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Stranger than Fiction

By Sushant Thapa

Old Mr. Bubble sat in his armchair and observed the passers-by. The city rose in the morning when the clock struck five. The silence gave way to morning sounds.

Women walked and talked on the footpaths about educating their daughters and little sons. They believed every lesson should not be taught more than forty-five minutes. The leader’s inability to rule the country became a conscience of some new job holders. The morning walk seemed to be all about venting such problems.

The road ran across the suburban sight. No cargo trucks were parked in the morning although, the day ran on wheels. The path was spacious, and the children played without being deterred. The road carried buses, vans, students cycling to school amidst flocks of sheep that strayed into the road as they grazed along the greenery that often lined the edges or some abandoned patch of grass under the supervision of shepherds.

The city felt like it had to be observed more closely and that is where characters like Mr. Bubble stepped in. Mr. Bubble was a high school teacher. He lost his son during the civil war period in the army. His son’s memories haunted him and every day he washed the memories with a heavy heart. Every evening Mr. Bubble took a walk on the highway. He had lost spaces in his life. Now he seemed to be filling merely a vacuum. The lack of action in his life made him realise the pauses. Fishes do not think of dying when they are safe inside the water. Mr. Bubble was in his bubble and he was still safe until things started getting out of his hands like the time when his son died. He couldn’t stop his son from dying and that did him no good.  

One evening while he was on his regular jaunt, he discovered a grassland beside the highway. There was a small pond which did not look dry although, the water was slightly muddy. The trees seemed to bear fruit and some looked burnt. The grass seemed to be smeared with chemicals so that they could not grow. If the place was meant to be abandoned why bother spreading chemicals on the grass so that they would not grow? Mr. Bubble was already inside that grassland and away from the road.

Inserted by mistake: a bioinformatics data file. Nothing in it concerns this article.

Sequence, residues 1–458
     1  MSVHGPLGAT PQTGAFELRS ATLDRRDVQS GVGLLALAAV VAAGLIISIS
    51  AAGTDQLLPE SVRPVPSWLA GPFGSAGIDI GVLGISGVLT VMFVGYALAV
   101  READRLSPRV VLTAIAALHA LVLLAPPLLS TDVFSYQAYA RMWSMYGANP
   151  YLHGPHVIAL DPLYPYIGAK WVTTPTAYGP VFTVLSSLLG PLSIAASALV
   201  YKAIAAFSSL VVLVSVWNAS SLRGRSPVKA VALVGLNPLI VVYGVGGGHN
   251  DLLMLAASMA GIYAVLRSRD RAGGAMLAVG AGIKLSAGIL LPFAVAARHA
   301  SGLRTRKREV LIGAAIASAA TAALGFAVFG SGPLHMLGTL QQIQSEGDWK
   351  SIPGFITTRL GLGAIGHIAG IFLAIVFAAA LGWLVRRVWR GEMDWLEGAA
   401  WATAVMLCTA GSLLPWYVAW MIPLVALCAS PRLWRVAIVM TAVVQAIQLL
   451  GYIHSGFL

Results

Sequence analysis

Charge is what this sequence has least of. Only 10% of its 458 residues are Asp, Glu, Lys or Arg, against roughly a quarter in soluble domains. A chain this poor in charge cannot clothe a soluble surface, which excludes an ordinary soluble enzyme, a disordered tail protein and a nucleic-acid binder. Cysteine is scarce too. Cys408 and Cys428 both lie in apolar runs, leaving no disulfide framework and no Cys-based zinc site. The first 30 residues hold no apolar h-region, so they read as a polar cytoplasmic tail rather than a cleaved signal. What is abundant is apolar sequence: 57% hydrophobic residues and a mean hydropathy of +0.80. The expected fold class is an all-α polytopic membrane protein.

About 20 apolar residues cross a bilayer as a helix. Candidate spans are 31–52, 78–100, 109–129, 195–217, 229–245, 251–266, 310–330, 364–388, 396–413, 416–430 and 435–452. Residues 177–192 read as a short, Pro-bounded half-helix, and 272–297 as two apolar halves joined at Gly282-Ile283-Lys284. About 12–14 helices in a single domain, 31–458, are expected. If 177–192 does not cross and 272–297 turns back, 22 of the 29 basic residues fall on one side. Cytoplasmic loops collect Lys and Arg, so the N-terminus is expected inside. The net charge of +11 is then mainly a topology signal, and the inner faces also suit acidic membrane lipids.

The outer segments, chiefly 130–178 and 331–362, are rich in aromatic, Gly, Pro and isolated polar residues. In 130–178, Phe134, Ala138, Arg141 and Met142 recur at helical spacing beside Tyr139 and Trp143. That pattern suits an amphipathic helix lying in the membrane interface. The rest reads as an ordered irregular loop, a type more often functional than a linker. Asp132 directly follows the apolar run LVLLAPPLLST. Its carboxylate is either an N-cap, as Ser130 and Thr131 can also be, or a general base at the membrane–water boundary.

The evening sun was on its way to the dark land somewhere behind the moon. It was about to hide itself and let one part of the world be steeped in darkness. The sun knew when to get hot or when to get cold. Mr. Bubble thought that the world was a fabulous discovery till it was over-used by all.

One thing that Mr. Bubble’s pondered was why houses seemed deserted in the grassland? Perhaps nature took matter into its own hands when things were not cared for by humans, this was a fact and not fiction. Fiction, after all, had been manmade although it could contain natural ingredients. How we perceive every other reality can contain details like clockwork as even things have their hours, minutes and seconds that keep ticking. A beating heart has always been a clockwork before it could be forgotten for good.

Mr. Bubble was really alone after losing his son. When the closest people walk away or disappear, we really cannot make friends with inanimate things. There can always be a reality which engulfs the truth which is stranger than fiction.   

A lonely house and again a vast grassland where wind blew alone without a purpose, the sight of an old man and somewhere far, how tides hit the beaches lining the ocean went unnoticed.

Mr. Bubble just waited for another day and another lonely walk away from people’s sight, but he wasn’t running away from himself. Old age was a thing that one could not run away from because death came slowly — speed was only for the escapists. Those who have the time to wait do not worry about the passage of hours, minutes and days…

Sushant Thapa is an M.A. in English Literature from Jawaharlal Nehru University in New Delhi, India, who lives in Nepal. His poems, essays, short stories and flash fictions are published in numerous journals and books.

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PLEASE NOTE: ARTICLES CAN ONLY BE REPRODUCED IN OTHER SITES WITH DUE ACKNOWLEDGEMENT TO BORDERLESS JOURNAL. 

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